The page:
I asked other towns he said have been overrun.

“Flamingto, Brazito, Langosto, Port Rios, Monezuma, El Coco …”

He went on and on. Suddenly, I didn’t feel so sweaty in the jungle anymore. I felt especially in tune to nature with so much wildlife around me. Nearly every 10 minutes we saw a chachlaca, the largest bird in the jungle. It’s the size of a hawk with beautiful plumage and a squawk that could be heard in Nicaragua. In one clearing we looked up and saw howler monkeys hanging out on precariously thin tree branches. One seemed to be holding paws with its baby.

“Be careful when you look up,” Alvaro said.

“Why? Do they make branches break over us? I asked.

“No. They pee on you.”

At the end of the three-hour tour I gave him $40 instead of $35 and then soaked in the infinity pool. Few feelings are better for the skin and soul than swimming to the edge of a pool and looking out over a jungle I just explored. It’s full of life and brings so much life to all of us.

Costa Rica Journal: Arriving in expat heaven on the Denver-San Jose Red-Eye Express

Man in Bolson holds his pet Loro bird, Camille.

Man in Bolson, Costa Rica, holds his pet Loro bird, Camille.


Apartment living is a great way to see Third World countries. Or, maybe this apartment is a great way to see Costa Rica. I’m sitting in a spacious, tiled living room with wrap-around windows that perfectly frame the Pacific Ocean. Yes, it seems like it’s the whole Pacific Ocean. The windows are that big. A hillside of palm trees and fruit trees cascade down from the languid infinity pool all the way to the sandy beach. This morning I could hear monkeys in the trees going “ka-ka-ka-ka.” It sounded as if they were tapping on the window. I’m in Samara, a small, lazy beach town of 2,200 laid-back, friendly souls on the Nicoya Peninsula.

The Nicoya Peninsula is shaped like a muscular forearm and fist and represents the northern half of Costa Rica’s long Pacific Coast. Lined with golden beaches, small towns and adequate infrastructure, it has been the trendy retirement destination for Americans since the 1990s. Real estate was cheaper than anywhere livable in the United States and a peaceful political climate made it a safe respite in between the occasional power kegs of Panama and Nicaragua. More than 50,000 Americans live in Costa Rica, according to the State Department, and the vast majority made beelines to this coast or the boring, ugly capital of San Jose.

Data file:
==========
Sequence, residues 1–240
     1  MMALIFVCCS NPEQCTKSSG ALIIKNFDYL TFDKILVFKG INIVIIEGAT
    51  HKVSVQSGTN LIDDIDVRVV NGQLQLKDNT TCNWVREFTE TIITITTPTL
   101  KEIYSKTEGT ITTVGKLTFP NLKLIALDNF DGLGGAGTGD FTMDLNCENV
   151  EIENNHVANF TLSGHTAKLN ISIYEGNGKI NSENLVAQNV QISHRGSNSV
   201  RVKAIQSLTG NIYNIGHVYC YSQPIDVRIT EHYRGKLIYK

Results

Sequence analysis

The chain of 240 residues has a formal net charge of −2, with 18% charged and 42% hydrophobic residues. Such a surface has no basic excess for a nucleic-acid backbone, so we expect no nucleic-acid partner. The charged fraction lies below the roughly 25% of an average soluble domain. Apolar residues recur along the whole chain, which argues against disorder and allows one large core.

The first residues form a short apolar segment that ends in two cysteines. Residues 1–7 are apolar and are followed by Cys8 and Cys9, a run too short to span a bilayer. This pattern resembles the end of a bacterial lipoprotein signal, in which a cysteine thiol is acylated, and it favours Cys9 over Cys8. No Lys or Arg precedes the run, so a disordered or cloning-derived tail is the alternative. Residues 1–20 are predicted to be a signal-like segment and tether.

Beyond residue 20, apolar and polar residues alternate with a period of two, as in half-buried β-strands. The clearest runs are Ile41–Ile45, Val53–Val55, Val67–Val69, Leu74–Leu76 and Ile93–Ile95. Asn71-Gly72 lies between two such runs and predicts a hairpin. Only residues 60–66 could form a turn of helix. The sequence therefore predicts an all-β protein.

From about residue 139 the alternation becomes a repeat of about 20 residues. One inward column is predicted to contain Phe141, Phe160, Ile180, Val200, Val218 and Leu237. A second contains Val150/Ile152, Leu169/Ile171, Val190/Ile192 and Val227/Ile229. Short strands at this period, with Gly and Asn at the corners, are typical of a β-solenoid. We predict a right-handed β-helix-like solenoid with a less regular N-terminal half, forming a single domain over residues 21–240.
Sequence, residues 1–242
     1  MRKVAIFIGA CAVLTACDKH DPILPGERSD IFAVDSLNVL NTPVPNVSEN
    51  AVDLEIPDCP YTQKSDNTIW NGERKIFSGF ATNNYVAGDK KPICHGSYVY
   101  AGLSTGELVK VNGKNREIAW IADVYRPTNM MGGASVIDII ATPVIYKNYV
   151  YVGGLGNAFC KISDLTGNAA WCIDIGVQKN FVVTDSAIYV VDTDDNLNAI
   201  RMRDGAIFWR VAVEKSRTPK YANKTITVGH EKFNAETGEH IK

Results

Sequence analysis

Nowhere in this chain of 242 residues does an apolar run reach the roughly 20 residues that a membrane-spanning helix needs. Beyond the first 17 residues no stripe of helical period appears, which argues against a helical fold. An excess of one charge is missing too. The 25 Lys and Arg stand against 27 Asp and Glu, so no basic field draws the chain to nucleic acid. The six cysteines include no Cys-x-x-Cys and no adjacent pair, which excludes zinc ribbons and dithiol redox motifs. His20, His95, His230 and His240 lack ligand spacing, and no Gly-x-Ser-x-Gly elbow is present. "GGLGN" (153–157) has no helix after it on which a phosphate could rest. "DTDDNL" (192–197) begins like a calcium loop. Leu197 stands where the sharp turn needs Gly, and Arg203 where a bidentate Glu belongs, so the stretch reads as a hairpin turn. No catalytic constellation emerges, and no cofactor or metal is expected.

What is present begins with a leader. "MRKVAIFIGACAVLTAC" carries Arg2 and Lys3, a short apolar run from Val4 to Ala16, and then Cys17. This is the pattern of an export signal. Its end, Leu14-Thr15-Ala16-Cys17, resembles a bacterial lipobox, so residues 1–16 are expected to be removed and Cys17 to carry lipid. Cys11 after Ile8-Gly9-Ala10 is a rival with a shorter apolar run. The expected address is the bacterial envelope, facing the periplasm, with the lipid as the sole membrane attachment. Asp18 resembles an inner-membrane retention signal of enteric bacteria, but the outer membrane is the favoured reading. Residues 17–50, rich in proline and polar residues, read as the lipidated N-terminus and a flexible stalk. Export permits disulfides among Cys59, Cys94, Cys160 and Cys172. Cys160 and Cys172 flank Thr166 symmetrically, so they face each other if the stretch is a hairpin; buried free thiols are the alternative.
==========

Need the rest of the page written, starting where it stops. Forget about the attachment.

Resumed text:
The U.S. exodus began in the ’90s when they discovered the numerous long, sandy beaches, cheap prices and peaceful political climate. When I first came here in 1996, I spent my first four days in Tamarindo, a prototype backpacker beach town with a half-moon bay surrounded by sandy, palm trees and a few cheap hotels. I spent my days sunning on an empty beach, eating fresh seafood in one of the three restaurants, none of which I recall having a real floor, and sleeping in a simple bungalow next door. The closest thing I saw to package tourists was a VW van full of Canadians doing a tour of – and I’m not making this up – Latin American brothels. I couldn’t believe I actually shook their hands when I met them.

The view of the Pacific Ocean from the apartment in Samara.

The view of the Pacific Ocean from the apartment in Samara.

Today, the list of Tamarindo’s hotels in Lonely Planet fills two pages. It has resorts. It has a casino. It has a lot of Americans who can’t pronounce “Gracias.” It has been renamed Tamagringo. Or Scamagringo, depending on what Costa Rican, or Tico, you talk to.

Samara (pronounced (SAM-ara) is different. Walking along the beach for the first time, it brought memories of the Tamarindo I loved and the image I won’t let go away. Samara’s beach is a long, arcing stretch of gray sand with just enough beached driftwood to remind you that you’re nowhere near a five-star resort. Yeah, the sand is gray. You want white sugar sand, go to the Caribbean or Cuba. This is the Pacific, Jack. It’s a little more rugged over here but not under your feet. With virtually no maintenance, I saw hardly any stones. You could jog barefoot for miles and never suffer a cut.

The beach is spotted with the kind of laid-back beach bars you see in beer commercials. A few wooden tables in front of small wooden shacks. Some padded chairs under an umbrella, all facing out to the sea with dark-skinned, young, smiling waitresses serving ice-cold beers and ceviche. The biggest businesses on the beach are a couple surf shops with surfboards hanging like shingles outside a law office. In front of each one, a woman in a bikini or a long-haired surf instructor is half comatose in a comfy chair or hammock, waiting for the next customer or wave.

My kind of town, my friends. My kind of town.